How to manage cold-stress situations

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If you find heifers not gaining as much weight as you planned due to cold stress, use the following steps to change their environment and their diet.

1. "Micro-manage their environment," suggests Pat Hoffman, dairy scientist with the University of Wisconsin. Make sure resting areas have ample bedding. Younger calves need an insulated type of bedding, such as straw, he says. You may want to avoid sand because it lacks thermal qualities.

Look at the mud and manure cover on heifers. Does mud or manure cover their flanks, abdomen and sides? How deep is the manure on the pack? Could more frequent cleaning result in a drier hair coat?

2. Next, increase the energy available in the ration. Many ration-balancing programs allow you to adjust for seasonal factors. Hoffman recommends that you adjust the energy portion of the ration for a rate of daily gain 0.2 to 0.3 pounds higher than desired. For example, if you want heifers to gain 1.7 pounds per day, provide enough energy for 1.9 or 2 pounds per day.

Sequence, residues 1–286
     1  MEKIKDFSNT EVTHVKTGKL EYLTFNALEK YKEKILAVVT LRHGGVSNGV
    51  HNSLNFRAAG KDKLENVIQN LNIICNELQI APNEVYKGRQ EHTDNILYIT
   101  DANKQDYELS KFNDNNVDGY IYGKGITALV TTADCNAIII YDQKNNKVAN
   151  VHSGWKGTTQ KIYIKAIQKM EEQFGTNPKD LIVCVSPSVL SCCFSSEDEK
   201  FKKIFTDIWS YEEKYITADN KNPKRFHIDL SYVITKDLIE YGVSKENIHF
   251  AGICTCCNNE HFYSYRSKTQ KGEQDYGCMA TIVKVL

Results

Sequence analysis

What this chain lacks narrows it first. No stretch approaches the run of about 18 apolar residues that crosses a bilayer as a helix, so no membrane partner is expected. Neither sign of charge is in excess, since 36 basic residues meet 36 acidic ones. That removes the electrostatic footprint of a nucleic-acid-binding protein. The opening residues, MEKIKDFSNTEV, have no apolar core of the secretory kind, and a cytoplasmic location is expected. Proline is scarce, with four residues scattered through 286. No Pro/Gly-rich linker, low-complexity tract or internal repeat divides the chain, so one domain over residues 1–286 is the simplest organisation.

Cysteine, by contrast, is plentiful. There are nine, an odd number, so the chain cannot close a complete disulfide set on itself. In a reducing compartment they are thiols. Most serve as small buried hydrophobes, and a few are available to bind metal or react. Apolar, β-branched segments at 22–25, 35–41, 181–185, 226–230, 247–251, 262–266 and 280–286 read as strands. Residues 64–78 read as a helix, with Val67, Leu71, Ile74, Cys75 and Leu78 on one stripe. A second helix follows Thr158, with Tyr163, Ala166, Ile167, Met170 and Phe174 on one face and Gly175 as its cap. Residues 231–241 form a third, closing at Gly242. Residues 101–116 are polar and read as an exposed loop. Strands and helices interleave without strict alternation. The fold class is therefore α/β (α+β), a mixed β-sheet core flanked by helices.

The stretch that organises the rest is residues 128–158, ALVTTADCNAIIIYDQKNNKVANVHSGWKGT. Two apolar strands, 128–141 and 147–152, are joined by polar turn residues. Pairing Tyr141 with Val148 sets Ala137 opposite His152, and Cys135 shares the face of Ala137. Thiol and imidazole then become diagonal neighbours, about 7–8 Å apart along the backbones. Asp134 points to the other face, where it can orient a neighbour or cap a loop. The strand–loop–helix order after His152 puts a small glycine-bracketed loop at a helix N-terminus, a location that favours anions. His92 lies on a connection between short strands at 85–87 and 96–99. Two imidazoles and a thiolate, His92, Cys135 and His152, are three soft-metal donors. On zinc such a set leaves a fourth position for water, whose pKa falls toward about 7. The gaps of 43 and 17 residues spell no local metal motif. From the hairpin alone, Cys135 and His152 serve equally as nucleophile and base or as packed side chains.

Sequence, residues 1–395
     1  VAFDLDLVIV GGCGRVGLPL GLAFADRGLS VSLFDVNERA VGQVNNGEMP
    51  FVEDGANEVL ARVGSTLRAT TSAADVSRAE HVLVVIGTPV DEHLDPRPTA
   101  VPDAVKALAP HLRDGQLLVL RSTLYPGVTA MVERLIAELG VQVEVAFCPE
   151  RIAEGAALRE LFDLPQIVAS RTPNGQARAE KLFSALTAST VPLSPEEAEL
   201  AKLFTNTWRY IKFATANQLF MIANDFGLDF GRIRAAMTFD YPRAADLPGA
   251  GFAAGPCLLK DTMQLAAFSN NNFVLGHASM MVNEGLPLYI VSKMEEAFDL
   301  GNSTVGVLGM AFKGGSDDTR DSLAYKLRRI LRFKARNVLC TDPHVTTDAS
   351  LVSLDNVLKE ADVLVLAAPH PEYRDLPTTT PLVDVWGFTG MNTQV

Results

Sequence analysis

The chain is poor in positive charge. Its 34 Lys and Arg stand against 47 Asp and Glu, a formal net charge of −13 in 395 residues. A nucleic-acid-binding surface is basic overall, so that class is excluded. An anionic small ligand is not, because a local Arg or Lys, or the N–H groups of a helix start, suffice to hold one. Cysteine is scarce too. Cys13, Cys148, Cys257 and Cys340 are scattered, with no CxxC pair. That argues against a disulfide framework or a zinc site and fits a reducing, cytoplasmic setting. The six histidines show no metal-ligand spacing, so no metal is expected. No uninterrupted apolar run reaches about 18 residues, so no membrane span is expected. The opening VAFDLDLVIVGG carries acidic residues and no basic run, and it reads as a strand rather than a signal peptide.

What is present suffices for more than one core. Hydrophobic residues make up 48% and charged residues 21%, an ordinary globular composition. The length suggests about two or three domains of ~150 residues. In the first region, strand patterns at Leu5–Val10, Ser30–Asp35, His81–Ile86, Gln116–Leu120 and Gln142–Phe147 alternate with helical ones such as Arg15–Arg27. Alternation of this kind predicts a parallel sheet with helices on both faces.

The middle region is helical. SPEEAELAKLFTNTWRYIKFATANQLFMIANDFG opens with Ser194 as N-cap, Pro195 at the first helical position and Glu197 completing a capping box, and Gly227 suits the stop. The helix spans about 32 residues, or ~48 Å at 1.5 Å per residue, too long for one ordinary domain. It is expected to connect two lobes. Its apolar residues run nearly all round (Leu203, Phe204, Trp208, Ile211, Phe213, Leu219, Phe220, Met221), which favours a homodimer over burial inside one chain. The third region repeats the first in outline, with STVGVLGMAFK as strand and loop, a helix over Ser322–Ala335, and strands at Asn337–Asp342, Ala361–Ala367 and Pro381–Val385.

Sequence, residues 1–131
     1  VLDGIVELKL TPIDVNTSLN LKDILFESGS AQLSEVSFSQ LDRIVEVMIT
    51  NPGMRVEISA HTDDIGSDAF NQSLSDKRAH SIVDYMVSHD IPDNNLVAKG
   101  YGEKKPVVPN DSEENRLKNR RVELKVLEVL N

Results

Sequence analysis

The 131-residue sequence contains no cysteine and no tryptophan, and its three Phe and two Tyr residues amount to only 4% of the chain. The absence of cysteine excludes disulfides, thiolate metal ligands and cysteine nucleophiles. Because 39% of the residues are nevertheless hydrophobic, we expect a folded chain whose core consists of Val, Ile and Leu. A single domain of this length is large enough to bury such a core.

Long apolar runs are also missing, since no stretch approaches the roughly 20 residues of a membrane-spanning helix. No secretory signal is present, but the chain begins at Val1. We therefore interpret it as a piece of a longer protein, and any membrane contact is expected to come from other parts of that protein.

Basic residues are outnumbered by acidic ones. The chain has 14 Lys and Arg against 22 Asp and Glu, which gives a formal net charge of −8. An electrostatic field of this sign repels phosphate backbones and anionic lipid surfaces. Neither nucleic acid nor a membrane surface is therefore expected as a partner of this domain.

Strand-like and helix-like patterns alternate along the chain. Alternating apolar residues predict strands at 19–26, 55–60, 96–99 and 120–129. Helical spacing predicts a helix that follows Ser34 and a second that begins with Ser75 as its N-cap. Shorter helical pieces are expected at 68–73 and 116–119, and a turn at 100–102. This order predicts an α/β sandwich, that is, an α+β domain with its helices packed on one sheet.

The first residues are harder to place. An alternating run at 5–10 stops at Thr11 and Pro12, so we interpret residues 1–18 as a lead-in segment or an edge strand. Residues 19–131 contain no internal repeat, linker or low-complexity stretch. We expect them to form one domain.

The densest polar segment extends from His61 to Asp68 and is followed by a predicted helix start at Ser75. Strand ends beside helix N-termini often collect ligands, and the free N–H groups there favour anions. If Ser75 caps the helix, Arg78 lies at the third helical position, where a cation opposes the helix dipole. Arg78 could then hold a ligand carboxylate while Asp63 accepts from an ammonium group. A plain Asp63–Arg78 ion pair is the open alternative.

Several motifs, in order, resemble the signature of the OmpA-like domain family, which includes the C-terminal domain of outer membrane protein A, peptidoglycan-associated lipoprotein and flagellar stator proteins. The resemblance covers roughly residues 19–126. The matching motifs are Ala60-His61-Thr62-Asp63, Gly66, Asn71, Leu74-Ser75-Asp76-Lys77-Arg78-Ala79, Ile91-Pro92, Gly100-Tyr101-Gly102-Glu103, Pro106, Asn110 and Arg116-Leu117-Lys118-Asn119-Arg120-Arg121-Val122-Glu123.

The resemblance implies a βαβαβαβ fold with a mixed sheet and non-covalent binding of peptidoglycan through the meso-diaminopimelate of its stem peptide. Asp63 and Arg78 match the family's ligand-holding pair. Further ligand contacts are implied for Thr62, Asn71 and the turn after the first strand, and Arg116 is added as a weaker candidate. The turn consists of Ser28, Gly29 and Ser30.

3. Be prepared for increases in intake. The colder temperatures drop, you may find heifers eating more. Research at Virginia Tech found that heifers began to eat more when temperatures fell to 10 F or below for several days.

For example, heifer growers Melvin and Sharon Neimann, Edgar, Wis., raise 1,700 heifers in an outdoor mounds/windbreak system. With no barn for cover, the Neimanns' heifers experience cold stress more than those housed in conventional facilities. "We find the dry matter intakes increase by around 15 percent in cold conditions," says Sharon Neimann.

Monitor intakes closely and maintain a 1 percent to 2 percent refusal rate. "This may not be the time of year to limit- feed heifers," says Bob James, dairy nutritionist at Virginia Tech. Limit-feeding, or providing heifers just enough feed, doesn't give you clues that the animals need more energy.

4. Measure as you go. Getting the desired rate of gain in cold conditions takes tinkering. You may need to adjust the ration and then weigh heifers to see if it's working.  



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